Starmer is playing into Iran's hands

23 March 2022

9:45 PM

23 March 2022

9:45 PM

Who was to blame for Nazanin Zaghari-Ratcliffe being held captive in Iran? It shouldn’t take a professor of ethics to answer such a question. Mrs Zaghari-Ratcliffe was being held on trumped-up charges by a despotic regime that has used hostage-taking to advance its agenda ever since its formation in the Iranian revolution of 1979.

Back then it was said to be ‘students’ who spontaneously over-ran the US embassy in Tehran and took more than 50 hostages, holding them for more than a year while the new theocratic government ruthlessly exploited the situation to humiliate the US administration of Jimmy Carter. In the case of Mrs Zaghari-Ratcliffe, at least no pretence was made that anyone other than the government of Iran was behind her detention since spring 2016.

And yet according to Labour leader Keir Starmer, it was Boris Johnson’s big mouth that was to blame for her not being back in leafy Hampstead with her husband and daughter many moons earlier. ‘I’m sorry to say that the Prime Minister caused this to go on for longer because of his words,’ said Starmer.

The ‘words’ Starmer referred to are those uttered by Johnson during a select committee appearance in late 2017 when he was Foreign Secretary. At that appearance, Johnson referred to Mrs Zaghari-Ratcliffe as ‘simply teaching people journalism, as I understand it’. This was a blunder: the official position of the UK was that she had gone to Iran on holiday to visit relatives, unconnected to her work with the Thomson Reuters Foundation. Johnson’s regrettable slip was indeed noted by the Iranian authorities at the time and incorporated into their standard spiel about her detention.

But the idea that had Johnson not made that comment then Iran would have simply released its very useful pawn in the campaign to force Britain to settle a £400 million debt is ridiculous – as naïve and craven in its own way towards the regime of Iran as Jeremy Corbyn was towards Russia after the Salisbury poisonings.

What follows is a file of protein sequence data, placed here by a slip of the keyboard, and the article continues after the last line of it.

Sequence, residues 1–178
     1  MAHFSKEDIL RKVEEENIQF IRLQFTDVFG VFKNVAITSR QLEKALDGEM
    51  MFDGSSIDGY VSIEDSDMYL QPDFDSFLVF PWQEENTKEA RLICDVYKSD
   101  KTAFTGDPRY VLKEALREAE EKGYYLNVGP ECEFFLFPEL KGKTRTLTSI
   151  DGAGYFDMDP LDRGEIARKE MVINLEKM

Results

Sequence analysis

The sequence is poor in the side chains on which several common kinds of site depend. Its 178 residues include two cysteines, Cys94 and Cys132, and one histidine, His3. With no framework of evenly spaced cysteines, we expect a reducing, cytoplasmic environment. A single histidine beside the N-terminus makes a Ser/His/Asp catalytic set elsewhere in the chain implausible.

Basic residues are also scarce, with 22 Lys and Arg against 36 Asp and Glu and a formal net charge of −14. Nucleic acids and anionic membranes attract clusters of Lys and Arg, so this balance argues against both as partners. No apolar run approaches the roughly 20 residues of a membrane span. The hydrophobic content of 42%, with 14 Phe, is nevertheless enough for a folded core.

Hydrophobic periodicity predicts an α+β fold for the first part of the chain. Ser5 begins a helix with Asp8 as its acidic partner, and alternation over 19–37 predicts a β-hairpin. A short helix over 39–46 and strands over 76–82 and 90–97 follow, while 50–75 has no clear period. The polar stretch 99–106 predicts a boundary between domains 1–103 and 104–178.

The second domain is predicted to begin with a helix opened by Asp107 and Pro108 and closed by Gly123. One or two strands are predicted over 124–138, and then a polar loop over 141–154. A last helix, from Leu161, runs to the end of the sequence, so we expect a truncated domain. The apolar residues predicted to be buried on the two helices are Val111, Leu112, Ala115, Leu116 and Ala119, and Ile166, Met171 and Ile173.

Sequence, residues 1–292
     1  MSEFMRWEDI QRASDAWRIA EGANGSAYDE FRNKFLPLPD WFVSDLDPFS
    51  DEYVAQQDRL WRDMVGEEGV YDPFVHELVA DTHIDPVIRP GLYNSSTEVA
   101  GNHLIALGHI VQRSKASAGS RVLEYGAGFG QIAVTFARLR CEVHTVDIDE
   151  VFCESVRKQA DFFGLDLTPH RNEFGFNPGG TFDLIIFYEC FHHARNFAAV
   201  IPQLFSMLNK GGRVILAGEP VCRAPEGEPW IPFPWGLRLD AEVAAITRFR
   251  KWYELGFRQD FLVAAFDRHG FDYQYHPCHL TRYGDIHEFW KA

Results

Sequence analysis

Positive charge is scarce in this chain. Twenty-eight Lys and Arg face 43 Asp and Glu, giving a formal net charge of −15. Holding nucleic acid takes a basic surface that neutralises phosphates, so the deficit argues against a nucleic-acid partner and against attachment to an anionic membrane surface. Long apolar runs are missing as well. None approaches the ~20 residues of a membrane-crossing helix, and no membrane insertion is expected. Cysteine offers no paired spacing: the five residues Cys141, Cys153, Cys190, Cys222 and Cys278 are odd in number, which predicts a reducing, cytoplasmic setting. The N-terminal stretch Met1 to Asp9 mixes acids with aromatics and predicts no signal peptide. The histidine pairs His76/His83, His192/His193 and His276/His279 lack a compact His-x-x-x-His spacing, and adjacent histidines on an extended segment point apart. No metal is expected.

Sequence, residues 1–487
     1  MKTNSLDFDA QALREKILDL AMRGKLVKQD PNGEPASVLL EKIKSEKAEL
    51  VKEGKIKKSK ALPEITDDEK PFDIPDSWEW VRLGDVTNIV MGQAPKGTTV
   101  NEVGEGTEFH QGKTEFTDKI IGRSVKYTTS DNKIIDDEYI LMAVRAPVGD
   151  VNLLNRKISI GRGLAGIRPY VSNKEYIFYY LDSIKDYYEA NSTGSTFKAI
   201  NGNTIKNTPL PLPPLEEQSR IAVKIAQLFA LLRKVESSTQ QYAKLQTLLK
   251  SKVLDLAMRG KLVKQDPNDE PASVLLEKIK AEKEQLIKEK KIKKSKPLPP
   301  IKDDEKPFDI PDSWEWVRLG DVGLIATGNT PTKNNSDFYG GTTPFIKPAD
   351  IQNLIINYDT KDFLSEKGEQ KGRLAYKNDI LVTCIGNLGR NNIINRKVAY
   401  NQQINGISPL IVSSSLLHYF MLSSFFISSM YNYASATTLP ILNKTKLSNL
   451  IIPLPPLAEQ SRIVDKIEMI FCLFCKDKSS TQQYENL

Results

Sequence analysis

One would have thought Starmer’s unwarranted dig at the Prime Minister would have set off a wave of criticism towards him. Particularly among the kind of high-minded Tory MPs who took umbrage on Starmer’s behalf when Johnson accused him of having failed to prosecute Jimmy Savile. But no, the Tugendhat and Ellwood brigade does not seem bothered when it is their own leader being ill-used.

Fortunately, some on the responsible left are not prepared to let Starmer’s smear go unanswered. The journalist and writer Phil Craig for one expertly dismantled the Labour leader’s case, saying:

I’ve been bringing myself around to support Starmer and it would be great to vote Labour with confidence again. But politicising a hostage? I made a Channel 4 series on the Beirut hostages and we interviewed the Iranian agents who were responsible.
The whole point is to transfer guilt from the perpetrators to the victims and their society so that division and rancour spreads amongst the ‘enemy’. Especially divisive arguments such as: ‘we’d release them if only x or y’. It’s cruel and it works. Starmer yesterday did exactly what the Iranians want.
Had Johnson not made his remark about training journalists there would have been some other pretext discovered to drag this agonising business out. Because that’s the point. And the leader of the opposition should not repeat the talking points of a murderous theocracy.

Foreign Office minister James Cleverly was equally clear about this, correctly remarking of the Iranian regime: ‘They did not need an excuse to do this. They have applied completely illegitimate charges to a number of people. I have no doubt his comments made no difference whatsoever.’

If he is not to be ranked alongside Corbyn and the other useful idiots of UK politics who inadvertently do the work of our enemies, Starmer should now withdraw his spurious claim. And for many grassroots Tory supporters, it would be nice to see the swollen ranks of their party’s junior grandees break a sweat to put pressure on him to do so. Or does the leader of the opposition get a free pass for any attack on the Prime Minister, no matter how ill-founded?

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